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WSAR NEWS


The outrageously high cost of energy in Massachusetts is reaching a tipping point for many businesses and residents.

 

Contrary to arguments put forward by advocates with an unmistakable agenda these legitimate concerns have little to do with mid-winter price spikes. The simple fact is that cheap electricity is available throughout much of the United States, but it has not been the case in Massachusetts.

 

Massachusetts has the distinction of historically having the highest costs for energy in the continental United States.

 

It is one of the factors identified by “Forbes Magazine” that distinguishes Massachusetts as the most expensive state in the United States to conduct business.

 

In 2014, the cost of electricity in Massachusetts spiked to more than double the cost during the past decade. In 2016 the Energy Information Administration reported that electricity costs in Massachusetts were 63% higher than the national average for residents, 58% higher for commercial users, and 108% higher for industry.

 

In late December, 2017, “Bloomberg News” announced that the “spot-market price for natural gas hit $35.35 in New England.” The cost is now 13 times more expensive than at the central US price-setting location. To white wash these cost inequalities is insulting to the people paying their utility bills.

 

Why are costs for energy so high in Massachusetts? The straight forward answer is that Massachusetts does not have sufficient infrastructure to meet increasing consumer demand. Massachusetts electricity usage comprises more than 46 percent of New England’s overall demand. The problem became acute due to the decommissioning with no immediate replacement of approximately 10,000 megawatts of energy production.

 

The shift away from coal, oil and nuclear energy production during the past decade has been significant. Electricity produced from oil has dropped from 22 percent of the total generation ten years ago to a less than 1 percent level today. Coal production of electricity was formally at 18 percent and is now below 5 percent. Meanwhile, the percentage of power produced by natural gas has nearly tripled.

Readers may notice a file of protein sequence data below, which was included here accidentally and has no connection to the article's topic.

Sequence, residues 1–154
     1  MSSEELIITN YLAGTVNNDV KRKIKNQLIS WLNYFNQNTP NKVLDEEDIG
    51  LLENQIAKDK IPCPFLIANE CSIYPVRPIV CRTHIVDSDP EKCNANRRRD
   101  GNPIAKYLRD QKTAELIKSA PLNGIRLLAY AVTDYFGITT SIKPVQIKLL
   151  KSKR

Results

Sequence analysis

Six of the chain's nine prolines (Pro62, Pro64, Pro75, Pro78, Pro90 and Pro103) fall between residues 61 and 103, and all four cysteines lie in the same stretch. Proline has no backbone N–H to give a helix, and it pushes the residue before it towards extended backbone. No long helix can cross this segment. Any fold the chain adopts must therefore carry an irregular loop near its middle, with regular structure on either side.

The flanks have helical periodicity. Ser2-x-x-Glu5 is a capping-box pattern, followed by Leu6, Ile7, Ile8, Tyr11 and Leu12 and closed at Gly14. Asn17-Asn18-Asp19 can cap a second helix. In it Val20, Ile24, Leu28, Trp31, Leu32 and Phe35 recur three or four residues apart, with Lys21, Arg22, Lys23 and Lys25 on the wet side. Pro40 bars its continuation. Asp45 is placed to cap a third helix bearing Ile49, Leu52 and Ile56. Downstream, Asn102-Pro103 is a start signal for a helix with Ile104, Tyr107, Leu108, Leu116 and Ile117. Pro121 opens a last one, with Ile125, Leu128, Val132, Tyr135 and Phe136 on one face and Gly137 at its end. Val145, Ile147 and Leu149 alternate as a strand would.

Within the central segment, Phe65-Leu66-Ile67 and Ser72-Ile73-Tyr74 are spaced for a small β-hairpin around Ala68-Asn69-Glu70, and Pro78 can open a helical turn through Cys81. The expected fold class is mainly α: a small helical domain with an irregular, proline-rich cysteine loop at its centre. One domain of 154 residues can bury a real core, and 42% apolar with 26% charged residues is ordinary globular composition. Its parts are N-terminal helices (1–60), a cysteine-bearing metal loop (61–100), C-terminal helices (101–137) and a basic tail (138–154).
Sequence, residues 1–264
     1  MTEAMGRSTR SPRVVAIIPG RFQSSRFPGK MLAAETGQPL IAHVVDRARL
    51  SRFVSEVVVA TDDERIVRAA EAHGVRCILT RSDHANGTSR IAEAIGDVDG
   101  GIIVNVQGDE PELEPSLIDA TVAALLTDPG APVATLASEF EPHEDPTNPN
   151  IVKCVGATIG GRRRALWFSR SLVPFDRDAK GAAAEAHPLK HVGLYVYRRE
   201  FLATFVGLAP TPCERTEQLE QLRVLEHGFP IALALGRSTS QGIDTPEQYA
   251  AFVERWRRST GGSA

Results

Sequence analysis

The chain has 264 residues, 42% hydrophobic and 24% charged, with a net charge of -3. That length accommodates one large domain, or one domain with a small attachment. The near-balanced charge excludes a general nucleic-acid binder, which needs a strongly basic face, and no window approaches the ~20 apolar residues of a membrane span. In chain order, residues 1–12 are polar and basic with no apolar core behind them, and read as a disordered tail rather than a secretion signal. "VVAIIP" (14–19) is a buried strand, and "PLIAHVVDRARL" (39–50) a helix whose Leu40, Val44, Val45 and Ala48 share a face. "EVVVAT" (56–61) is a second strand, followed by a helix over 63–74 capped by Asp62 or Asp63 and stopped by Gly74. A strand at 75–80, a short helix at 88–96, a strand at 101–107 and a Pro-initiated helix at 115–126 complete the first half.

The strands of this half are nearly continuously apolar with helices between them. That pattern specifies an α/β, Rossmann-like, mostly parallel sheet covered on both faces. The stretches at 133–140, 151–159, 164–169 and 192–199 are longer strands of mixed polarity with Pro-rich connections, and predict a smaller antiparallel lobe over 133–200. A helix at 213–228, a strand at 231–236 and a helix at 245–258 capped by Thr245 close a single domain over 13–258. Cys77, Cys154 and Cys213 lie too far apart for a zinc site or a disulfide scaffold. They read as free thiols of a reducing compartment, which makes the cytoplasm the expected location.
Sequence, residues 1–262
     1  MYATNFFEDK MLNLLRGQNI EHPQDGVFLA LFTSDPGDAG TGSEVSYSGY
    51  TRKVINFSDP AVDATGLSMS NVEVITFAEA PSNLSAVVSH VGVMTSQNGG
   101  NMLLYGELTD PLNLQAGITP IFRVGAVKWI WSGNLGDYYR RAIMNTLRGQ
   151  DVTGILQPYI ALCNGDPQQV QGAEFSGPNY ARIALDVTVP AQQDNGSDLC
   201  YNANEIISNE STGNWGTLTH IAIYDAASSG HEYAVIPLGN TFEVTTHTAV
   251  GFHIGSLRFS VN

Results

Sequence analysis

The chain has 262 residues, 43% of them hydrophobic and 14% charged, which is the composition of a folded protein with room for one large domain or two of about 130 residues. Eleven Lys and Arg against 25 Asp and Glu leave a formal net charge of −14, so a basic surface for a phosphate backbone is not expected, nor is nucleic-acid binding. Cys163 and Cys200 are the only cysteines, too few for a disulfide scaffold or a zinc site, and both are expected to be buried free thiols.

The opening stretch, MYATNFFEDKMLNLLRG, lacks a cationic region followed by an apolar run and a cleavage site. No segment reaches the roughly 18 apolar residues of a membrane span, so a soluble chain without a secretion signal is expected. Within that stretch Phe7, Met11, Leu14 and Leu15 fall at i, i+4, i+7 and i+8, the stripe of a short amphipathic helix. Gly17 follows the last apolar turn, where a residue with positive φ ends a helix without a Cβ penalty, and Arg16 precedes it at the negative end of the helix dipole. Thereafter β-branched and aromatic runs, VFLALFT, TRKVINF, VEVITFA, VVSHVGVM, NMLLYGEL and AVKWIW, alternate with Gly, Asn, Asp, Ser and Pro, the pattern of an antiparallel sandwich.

Brayton Point Station, a now closed coal fired power plant in Somerset, Massachusetts, is a good illustration of policy without concern for the immediate consequences. While the cessation of Brayton Point has been heralded as a great victory for environmentalists, the 1,530-megawatt power plant was the primary producer of electricity in southeastern Massachusetts.

 

There is no replacement for the energy production gap created by loss of Brayton Point station, or the previously closed Montaup power plant in Somerset.

 

These two power plants equated to a 2000 megawatts net loss of electricity production in southeastern Massachusetts. The policy advocates have moved on to other priorities, but residents and businesses in southeastern Massachusetts must now import their electricity from somewhere else at a far higher cost.

 

The people of Somerset must also reconcile two empty power plants that no longer generate tax dollars. The situation in Somerset is a mess.

 

After years of advocacy from chambers and business associations, lawmakers in 2015 approved legislation to build new infrastructure. Business groups and many ratepayers had hoped for a pragmatic solution that reduced or stabilized costs, while also looking ahead to sustainability. Sustainability ended up superseding cost concerns as the new law required utilities to contract for both hydroelectricity and offshore wind. Meanwhile, a sensible effort to simultaneously expand natural gas pipeline infrastructure was thwarted.

 

Trending away from “dirty” fossil fuels is essential, but the cost of conversion to alternative options must be a factor.

 

Keep in mind that the introduction of alternative power generation as a primary source of energy production in Massachusetts is still many years away. Importation of hydroelectricity from Canada and power from off-shore windfarms will require the securing of significant tracts of land and water, must overcome permitting obstacles and have upfront infrastructure investment costs to be paid by consumers.

 

This is why natural gas, as a gap bridging cost stabilizer should no longer be put aside for political convenience. Leveraging gas in combination with the expansion of green alternatives is a reasonable strategy that can help contain the high cost of energy while also meeting environmental aspirations. There is no reason why Massachusetts cannot be practical and forward thinking simultaneously. Not addressing the cost of energy is already impacting the Massachusetts economy. Now is the time for action.

 

Respectfully,

 

Robert A. Mellion, Esq.

President & CEO

Bristol County Chamber of Commerce

 

 

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